I think the biggest threat today will be damaging winds, followed by large hail. I expect discrete thunderstorms to turn severe in the mid afternoon, lasting into the evening. There’s also a risk for a few isolated tornadoes to occur across and near the Stateline.

4-9 know your safe place

 

 

 

 

 

 

 

It is important to know your safe place today, whether you are at home, in school, at work, or driving.

4-9 be prepared

 

 

 

 

 

 

 

Be sure to have your NOAA Weather Radio working today and do not rely solely on outdoor warning sirens.

Chief Meteorologist Alex Kirchner, 13 Weather Authority’s Nick Jansen and myself will be in through the afternoon and evening to track the thunderstorms and update you on the risk for severe thunderstorms.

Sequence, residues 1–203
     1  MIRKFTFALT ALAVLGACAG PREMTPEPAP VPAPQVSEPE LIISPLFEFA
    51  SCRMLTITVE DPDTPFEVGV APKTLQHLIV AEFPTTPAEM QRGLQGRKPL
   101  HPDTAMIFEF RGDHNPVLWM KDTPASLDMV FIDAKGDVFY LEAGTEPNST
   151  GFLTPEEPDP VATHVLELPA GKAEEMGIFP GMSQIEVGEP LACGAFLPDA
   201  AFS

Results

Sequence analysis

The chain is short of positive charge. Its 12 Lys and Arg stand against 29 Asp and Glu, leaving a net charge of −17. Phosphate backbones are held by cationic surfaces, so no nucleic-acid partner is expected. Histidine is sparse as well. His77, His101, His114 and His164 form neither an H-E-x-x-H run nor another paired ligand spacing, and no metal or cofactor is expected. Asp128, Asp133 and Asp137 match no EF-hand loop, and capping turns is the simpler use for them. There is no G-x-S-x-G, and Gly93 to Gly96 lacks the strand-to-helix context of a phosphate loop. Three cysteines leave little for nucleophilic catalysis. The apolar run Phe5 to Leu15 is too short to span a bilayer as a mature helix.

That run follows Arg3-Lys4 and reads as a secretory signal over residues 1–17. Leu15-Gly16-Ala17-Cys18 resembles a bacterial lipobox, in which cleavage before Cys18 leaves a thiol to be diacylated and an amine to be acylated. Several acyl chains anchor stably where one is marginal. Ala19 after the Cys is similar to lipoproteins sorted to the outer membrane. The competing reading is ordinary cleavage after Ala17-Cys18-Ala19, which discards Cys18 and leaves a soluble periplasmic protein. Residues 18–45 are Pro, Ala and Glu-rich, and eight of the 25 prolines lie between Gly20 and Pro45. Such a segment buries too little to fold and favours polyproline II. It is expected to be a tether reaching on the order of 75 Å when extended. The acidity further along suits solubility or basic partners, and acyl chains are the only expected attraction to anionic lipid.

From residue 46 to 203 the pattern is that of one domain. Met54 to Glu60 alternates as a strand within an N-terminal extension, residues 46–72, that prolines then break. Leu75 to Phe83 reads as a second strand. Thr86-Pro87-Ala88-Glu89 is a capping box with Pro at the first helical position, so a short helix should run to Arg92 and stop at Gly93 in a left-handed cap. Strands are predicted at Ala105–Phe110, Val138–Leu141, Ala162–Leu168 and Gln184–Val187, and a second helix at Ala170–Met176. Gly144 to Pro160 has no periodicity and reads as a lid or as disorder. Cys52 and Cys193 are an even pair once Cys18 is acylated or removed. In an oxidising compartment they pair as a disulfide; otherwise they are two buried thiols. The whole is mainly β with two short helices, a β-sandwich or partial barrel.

-Morgan

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This post was written by Morgan Kolkmeyer on April 9, 2015

Thursday’s Severe Threat

The threat for severe thunderstorms still exists on Thursday.

Before we get there, we see the development of showers and thunderstorms overnight on Wednesday, producing a quarter to a half inch of rainfall. As of right now, these thunderstorms do not look to have the capabilities of turning severe. Same story as we head into early Thursday morning. Scattered showers and possibly thunderstorms can occur. The chance of these posing a severe threat is low, but I DO NOT want to rule out the chance completely.

4-8-15 timing

 

 

 

 

 

 

 

The Storm Prediction Center has much of Illinois (including the Stateline) under an enhanced risk for severe thunderstorms.

4-8-15 spc convective outlook

 

 

 

 

 

 

 

We start to see the potential for these to turn severe as we head into the early afternoon. As of right now, it looks like thunderstorms will continue to develop and pose a severe threat between 1PM and 6PM on Thursday.